The IRS recently issued Notice 2020-39, which offers relief to both qualified opportunity zone funds (“QOFs”) and persons seeking to invest in QOFs who are affected by the global COVID-19 pandemic.
Investors in QOFs who want to defer capital gains and receive other QOF tax benefits are required to invest in a QOF within 180 days of the date of the sale that generated the gain or a later date applicable to partners, S Corporation shareholders or certain other special situations. The Notice provides that if a taxpayer’s 180th day to invest in a QOF would have fallen on or after April 1, 2020 and before December 31, 2020, the taxpayer has until December 31, 2020 to invest that gain into a QOF. Investors still need to make a valid deferral election and file Forms 8949 and 8997 with their tax return to obtain deferral.
QOFs are subject to other time sensitive deadlines. QOFs who purchase real property are required to substantially improve the property within 30 months. The Notice provides that the period between April 1, 2020 and December 31, 2020 is suspended for purposes of the 30-month period during which property must be substantially improved.
QOFs are required to hold 90% or more of their assets in eligible QOZ property on certain testing dates each year. The Notice provides that, due to the pandemic, a QOF’s failure to hold less than the 90% of its assets in QOZ property on any testing dates from April 1, 2020 through Dec. 31, 2020 is due to reasonable cause. As a result, such failure will not cause loss of QOF status or imposition of penalties.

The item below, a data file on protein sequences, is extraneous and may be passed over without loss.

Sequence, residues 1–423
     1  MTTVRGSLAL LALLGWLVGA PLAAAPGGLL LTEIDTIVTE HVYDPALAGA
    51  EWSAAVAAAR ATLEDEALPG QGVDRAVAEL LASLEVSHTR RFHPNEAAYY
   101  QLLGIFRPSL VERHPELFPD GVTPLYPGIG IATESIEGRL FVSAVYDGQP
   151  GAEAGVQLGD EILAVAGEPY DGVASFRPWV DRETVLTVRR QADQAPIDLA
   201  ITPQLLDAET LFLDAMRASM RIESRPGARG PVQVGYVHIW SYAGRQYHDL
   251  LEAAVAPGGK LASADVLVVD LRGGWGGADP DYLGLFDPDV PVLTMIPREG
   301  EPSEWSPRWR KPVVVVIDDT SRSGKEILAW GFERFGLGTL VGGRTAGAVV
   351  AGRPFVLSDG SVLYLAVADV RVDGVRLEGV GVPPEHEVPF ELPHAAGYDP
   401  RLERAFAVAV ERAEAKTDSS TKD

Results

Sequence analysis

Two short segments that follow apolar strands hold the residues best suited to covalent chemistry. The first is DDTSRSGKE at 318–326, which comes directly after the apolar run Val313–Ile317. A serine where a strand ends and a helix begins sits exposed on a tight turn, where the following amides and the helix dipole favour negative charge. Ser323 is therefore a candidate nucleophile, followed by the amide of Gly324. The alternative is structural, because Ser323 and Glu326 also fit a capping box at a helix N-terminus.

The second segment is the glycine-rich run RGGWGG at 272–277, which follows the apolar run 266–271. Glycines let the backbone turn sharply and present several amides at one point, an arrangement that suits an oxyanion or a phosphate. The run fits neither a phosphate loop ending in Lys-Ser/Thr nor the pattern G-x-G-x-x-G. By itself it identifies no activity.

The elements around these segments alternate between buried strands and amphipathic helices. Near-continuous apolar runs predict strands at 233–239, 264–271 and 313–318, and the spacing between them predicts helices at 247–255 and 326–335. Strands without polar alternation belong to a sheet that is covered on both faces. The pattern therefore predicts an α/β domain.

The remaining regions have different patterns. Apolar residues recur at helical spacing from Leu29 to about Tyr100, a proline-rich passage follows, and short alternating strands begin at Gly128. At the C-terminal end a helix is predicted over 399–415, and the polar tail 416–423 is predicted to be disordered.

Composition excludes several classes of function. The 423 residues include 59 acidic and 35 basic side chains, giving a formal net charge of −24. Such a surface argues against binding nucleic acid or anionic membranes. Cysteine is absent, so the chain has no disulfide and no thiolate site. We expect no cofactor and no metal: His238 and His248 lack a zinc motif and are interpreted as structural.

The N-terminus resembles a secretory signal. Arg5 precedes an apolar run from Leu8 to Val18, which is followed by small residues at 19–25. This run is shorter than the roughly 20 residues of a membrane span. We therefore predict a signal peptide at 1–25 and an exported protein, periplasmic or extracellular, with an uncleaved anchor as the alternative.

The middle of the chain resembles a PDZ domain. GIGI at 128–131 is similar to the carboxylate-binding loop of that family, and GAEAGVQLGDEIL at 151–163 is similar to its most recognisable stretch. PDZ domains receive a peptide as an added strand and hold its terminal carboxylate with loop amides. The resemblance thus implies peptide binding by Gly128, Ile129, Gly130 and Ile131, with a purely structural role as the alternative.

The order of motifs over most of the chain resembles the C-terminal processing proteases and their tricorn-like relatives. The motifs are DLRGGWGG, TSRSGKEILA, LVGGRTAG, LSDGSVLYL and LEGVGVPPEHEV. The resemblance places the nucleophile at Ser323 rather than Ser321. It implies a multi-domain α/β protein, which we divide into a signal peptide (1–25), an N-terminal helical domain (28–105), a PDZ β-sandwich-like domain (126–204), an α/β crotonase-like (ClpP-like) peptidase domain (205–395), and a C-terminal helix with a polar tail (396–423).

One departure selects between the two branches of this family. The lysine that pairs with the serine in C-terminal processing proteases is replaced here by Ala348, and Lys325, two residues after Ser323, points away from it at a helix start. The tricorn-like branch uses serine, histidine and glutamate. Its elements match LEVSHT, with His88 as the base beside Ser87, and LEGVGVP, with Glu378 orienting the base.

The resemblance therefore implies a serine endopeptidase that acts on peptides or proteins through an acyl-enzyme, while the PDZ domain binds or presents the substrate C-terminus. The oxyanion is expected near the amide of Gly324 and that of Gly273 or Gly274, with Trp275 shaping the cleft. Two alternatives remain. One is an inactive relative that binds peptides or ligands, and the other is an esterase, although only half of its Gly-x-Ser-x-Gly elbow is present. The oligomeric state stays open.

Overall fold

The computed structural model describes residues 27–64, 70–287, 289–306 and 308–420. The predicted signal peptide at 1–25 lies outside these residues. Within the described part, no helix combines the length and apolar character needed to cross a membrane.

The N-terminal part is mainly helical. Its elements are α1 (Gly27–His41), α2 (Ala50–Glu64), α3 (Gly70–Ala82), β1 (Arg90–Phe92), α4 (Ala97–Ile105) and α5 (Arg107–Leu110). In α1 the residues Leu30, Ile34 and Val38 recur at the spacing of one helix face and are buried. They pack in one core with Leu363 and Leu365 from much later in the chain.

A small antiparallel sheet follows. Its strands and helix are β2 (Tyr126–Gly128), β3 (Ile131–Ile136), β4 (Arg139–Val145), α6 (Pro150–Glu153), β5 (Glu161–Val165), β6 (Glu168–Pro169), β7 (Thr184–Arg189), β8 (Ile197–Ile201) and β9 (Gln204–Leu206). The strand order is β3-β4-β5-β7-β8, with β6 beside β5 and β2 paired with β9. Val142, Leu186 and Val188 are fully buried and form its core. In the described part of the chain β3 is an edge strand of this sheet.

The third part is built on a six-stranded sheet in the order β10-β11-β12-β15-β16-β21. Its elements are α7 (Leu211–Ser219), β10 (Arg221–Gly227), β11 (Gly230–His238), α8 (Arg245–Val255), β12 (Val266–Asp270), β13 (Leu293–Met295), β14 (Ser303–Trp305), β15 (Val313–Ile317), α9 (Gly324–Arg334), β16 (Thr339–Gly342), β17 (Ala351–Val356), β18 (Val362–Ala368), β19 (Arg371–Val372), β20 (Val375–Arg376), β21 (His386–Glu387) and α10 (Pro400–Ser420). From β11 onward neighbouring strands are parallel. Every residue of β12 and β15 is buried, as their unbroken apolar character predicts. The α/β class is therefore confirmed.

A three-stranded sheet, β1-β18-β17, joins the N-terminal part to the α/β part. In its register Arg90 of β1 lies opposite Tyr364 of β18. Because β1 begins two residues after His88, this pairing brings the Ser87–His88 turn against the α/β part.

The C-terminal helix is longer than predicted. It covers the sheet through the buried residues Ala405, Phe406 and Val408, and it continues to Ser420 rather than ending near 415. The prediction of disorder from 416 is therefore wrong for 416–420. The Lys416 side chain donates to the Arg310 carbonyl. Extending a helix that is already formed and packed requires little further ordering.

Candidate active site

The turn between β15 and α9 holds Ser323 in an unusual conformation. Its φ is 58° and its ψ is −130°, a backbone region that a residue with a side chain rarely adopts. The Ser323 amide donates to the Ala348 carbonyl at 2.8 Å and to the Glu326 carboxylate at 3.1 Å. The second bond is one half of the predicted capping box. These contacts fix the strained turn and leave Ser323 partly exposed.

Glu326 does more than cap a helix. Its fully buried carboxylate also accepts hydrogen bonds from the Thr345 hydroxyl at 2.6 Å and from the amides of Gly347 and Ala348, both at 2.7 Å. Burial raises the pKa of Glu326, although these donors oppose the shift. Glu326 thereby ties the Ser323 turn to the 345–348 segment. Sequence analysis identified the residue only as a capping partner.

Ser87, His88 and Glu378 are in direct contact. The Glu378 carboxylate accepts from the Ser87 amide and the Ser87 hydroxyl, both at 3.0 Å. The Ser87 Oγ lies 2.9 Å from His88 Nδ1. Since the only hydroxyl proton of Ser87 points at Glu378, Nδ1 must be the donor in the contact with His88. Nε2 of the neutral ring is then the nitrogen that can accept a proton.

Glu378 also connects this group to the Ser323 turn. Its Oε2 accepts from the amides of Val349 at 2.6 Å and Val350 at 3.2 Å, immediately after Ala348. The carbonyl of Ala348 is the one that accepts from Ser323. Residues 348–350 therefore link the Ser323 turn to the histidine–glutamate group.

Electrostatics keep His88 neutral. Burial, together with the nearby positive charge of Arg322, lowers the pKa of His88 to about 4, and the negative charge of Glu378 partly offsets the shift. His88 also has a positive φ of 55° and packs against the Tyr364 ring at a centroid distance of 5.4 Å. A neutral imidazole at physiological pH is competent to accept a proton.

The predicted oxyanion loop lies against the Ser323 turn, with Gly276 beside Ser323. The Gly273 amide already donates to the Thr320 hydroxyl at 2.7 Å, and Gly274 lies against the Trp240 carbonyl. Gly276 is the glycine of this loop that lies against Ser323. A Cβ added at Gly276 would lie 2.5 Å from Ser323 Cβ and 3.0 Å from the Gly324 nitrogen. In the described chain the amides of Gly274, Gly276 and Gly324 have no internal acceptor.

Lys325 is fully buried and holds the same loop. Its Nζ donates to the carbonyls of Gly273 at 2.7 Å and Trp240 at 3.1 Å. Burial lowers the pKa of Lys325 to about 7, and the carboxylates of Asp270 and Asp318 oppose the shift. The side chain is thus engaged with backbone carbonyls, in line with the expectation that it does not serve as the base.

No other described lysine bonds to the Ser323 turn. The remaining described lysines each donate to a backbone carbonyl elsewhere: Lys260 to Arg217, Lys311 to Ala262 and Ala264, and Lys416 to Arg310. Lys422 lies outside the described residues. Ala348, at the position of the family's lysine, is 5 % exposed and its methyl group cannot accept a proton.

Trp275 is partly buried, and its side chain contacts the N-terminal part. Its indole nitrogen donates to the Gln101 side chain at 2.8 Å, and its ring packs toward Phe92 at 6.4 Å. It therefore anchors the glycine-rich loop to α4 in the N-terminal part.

For QOZ business projects that meet the requirements of the 31-month working capital safe harbor, the Notice states that due to the COVID-19 pandemic, these projects may have up to an additional 24 months in which to spend their working capital. QOFs must still meet the other requirements for this exception such as having a written schedule of when they expect to invest their working capital.
The Notice offers welcome relief to both investors and funds seeking to comply with the QOF requirements. Nonetheless, QOFs still need to monitor and comply with these rules especially since prior to the pandemic, QOF investments were coming under greater scrutiny by both the IRS and Congress who wanted to ensure the intended benefits for local communities were being delivered.
As the law continues to evolve on these matters, please note that this article is current as of date and time of publication and may not reflect subsequent developments. The content and interpretation of the issues addressed herein is subject to change. Cole Schotz P.C. disclaims any and all liability with respect to actions taken or not taken based on any or all of the contents of this publication to the fullest extent permitted by law. This is for general informational purposes and does not constitute legal advice or create an attorney-client relationship. Do not act or refrain from acting upon the information contained in this publication without obtaining legal, financial and tax advice. For further information, please do not hesitate to reach out to your firm contact or to any of the attorneys listed in this publication.